Mickey Arthur has described coaching Pakistan to a shock triumph in last summer’s Champions Trophy as “personal redemption” after being sacked by Australia on the eve of the 2013 Ashes.
The South African was dismissed less than three weeks before the start of the series in England five years ago and replaced by Darren Lehmann after Cricket Australia felt his disciplinarian approach was proving counterproductive, with the infamous ‘homeworkgate’ upsetting several senior players.
“I took a hit, I absolutely did,” Arthur tells John Stern in the latest issue of Wisden Cricket Monthly. “It knocked my confidence. I’d had great success and that was my first real failure. It hit me hard. That was why I was so keen to get another international gig.”
Arthur’s appointment as Pakistan coach in May 2016 came as a surprise to some, but he proved his detractors wrong last summer as his side recovered from a humbling defeat to India in their opening match of the Champions Trophy to win four games on the bounce and lift the trophy, thrashing a much-fancied Indian side in the final.
“Those were the best three weeks of my coaching career,” he says. “To come back from the smashing we got against India at Edgbaston and not lose again. To keep building, to see guys start to believe in themselves and a team start to take shape, with young players developing their skills, was just so rewarding. Ultimately to win an ICC event with a very young Pakistan side was amazing. It was phenomenal.
“And for me there was so much personal redemption. It gave us [coaches] so much belief that we were doing the right thing and it gave the players so much belief that we were guiding them in the right direction. To see the country celebrate… 210 million people. I arrived back in Lahore the other day and people are still thanking us! But it was much more than winning a trophy – it gave belief and hope to the country.”
Arthur admits he has learnt lessons from his time as coach of Australia, not least that he underestimated the power of the team culture – something which has been a major talking point in recent weeks following the ball-tampering controversy.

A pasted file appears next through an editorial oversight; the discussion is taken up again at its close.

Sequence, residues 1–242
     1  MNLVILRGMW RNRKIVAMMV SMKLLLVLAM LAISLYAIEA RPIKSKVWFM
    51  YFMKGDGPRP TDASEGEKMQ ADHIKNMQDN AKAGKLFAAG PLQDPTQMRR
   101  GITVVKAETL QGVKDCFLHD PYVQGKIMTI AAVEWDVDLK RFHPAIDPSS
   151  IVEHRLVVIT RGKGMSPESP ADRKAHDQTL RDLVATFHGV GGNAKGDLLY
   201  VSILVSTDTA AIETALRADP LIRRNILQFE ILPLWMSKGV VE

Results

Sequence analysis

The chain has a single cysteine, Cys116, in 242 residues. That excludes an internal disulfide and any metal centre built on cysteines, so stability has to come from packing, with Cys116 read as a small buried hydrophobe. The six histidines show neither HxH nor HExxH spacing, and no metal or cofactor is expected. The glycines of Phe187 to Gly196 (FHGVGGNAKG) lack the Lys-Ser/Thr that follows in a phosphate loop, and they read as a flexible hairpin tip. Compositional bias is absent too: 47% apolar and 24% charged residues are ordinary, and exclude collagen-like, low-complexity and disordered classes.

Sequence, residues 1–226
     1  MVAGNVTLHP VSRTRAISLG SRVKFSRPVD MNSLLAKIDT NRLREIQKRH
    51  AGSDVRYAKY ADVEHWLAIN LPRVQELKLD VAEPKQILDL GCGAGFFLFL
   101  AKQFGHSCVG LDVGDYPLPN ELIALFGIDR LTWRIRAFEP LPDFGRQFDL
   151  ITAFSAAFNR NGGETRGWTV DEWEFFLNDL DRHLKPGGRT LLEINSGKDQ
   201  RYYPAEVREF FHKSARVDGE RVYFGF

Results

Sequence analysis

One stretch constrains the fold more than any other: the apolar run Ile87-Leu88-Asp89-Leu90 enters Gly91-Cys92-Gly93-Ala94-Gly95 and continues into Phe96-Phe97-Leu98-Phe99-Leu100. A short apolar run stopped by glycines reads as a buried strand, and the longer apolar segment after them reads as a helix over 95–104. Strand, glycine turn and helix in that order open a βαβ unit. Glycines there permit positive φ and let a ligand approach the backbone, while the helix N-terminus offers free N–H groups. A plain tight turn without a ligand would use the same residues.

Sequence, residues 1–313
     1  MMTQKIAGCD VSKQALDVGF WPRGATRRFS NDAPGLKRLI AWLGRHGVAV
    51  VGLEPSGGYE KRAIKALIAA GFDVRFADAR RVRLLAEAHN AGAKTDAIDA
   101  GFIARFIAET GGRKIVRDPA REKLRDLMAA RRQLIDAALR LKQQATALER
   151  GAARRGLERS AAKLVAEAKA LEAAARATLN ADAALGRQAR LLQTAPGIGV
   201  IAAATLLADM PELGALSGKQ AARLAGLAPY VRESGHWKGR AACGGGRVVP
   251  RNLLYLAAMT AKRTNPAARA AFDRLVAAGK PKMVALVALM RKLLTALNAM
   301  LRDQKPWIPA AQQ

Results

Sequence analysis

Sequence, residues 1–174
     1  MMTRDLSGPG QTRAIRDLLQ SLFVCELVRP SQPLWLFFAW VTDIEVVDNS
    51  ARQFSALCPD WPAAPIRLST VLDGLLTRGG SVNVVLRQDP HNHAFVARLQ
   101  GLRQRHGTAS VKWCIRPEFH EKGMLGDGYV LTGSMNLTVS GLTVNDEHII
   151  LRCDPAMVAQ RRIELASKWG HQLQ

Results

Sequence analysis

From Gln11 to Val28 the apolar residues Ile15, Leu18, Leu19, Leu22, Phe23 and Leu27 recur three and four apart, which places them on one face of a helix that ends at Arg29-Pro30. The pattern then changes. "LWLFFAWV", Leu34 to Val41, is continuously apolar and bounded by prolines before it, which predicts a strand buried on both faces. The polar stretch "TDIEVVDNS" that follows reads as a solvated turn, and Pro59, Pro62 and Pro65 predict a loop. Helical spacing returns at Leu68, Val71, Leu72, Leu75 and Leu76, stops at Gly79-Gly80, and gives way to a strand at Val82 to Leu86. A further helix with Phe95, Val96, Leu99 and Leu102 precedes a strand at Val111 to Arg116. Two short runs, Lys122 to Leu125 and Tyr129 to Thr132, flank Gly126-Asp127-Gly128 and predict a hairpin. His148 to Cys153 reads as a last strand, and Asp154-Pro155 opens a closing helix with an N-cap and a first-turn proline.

“I thought I could run Australia like I did South Africa and that experience taught me I couldn’t,” he says. “People think South Africa and Australia are similar but culturally there are some massive differences.
“I often feel in Australia it is all about the players, whereas in South Africa there’s a level of respect, that players listen to the coach. South African players always wanted structure and direction but with Australia it was more, ‘What do you want, what do you need’.”
Arthur is now busy preparing his side for a historic Test match in Ireland, before a two-Test series in England, beginning at Lord’s on May 24. He believes Pakistan’s players have responded well to a change of approach under his stewardship.
“When I came to Pakistan I checked out what the system needed and how I could adapt culturally,” he says. “I didn’t come in firing from the start, I listened a lot more then changed what I thought needed changing. The players are unbelievably talented and skilful but we needed to push them through their comfort zones. We’ve brought a culture of real hard work and training which has shaken up the system a lot.
“It’s been a tough, hard approach and a lot of players are feeling challenged. But the guys are seeing the benefit of that and responding unbelievably well.”
To read the Mickey Arthur interview in full, and expert analysis of the ball-tampering saga from Kumar Sangakkara and Lawrence Booth, you can buy your copy of Wisden Cricket Monthly here